While a letter from the Democratic members of the committee will not block the resolution, it does convey a strong message that the majority of senators do not support Murkowski. Tom Carper last night offered his reasons for opposing the effort to block the EPA finding:

Sen. Murkowski's resolution would overturn science that the Supreme Court, states and our leading scientists agree is sound.
Now is not the time to question these findings. Now is not the time to delay. Now is the time for productive debate on how the United States can lead the clean energy revolution.
Furthermore, if Congress does not like the tools the EPA has to regulate greenhouse gases under the Clean Air Act, then it is time for us to roll up our sleeves and pass meaningful climate change legislation this year.

The EPA finding is a tremendous motivator for Congress. The EPA is forcing Congress to either acquiesce or pass legislation to control greenhouse gas emissions, which will not be easy. But while Congress struggles to meet its obligations to act, it should not prevent the EPA from doing what is required under the law to protect us from the deleterious effects of climate change.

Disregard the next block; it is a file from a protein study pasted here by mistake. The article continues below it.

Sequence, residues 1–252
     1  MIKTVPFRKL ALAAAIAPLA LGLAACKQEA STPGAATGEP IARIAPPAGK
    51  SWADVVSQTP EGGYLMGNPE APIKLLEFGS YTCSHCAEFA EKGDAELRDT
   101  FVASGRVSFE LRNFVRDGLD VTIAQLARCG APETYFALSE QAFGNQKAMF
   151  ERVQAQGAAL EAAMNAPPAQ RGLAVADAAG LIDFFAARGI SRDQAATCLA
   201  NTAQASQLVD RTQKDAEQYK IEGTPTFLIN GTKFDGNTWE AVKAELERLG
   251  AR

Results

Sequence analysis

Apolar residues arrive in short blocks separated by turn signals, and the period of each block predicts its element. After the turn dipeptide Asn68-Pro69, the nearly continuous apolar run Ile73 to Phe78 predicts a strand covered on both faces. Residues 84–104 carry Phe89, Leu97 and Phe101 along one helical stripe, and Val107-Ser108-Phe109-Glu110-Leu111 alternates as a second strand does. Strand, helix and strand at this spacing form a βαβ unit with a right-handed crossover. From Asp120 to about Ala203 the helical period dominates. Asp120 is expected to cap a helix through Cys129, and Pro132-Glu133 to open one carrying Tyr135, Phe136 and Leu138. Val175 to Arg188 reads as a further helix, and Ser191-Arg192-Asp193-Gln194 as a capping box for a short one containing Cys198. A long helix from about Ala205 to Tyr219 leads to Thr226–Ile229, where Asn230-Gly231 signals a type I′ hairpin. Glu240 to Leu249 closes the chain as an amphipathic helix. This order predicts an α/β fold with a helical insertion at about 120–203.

Thursday, January 21, 2010

Obama's First Year on Energy and the Environment

While President Obama has been stymied on health care for much of his first year in office, he has been quietly forging ahead on environmental policy. Carl Pope, the outgoing executive director of the Sierra Club, says most of Obama's progress has escaped media notice:
Perhaps the greatest untold story of the past year is the reversal of George Bush's eight years of environmental counterrevolution. When Bush and Cheney stopped a century-long tradition of environmental progress, the media was flabbergasted by the unrelenting intensity of the assault. But the Obama reversal has been largely unheralded (in fact, virtually unnoticed), even though it has arguably been even more intense.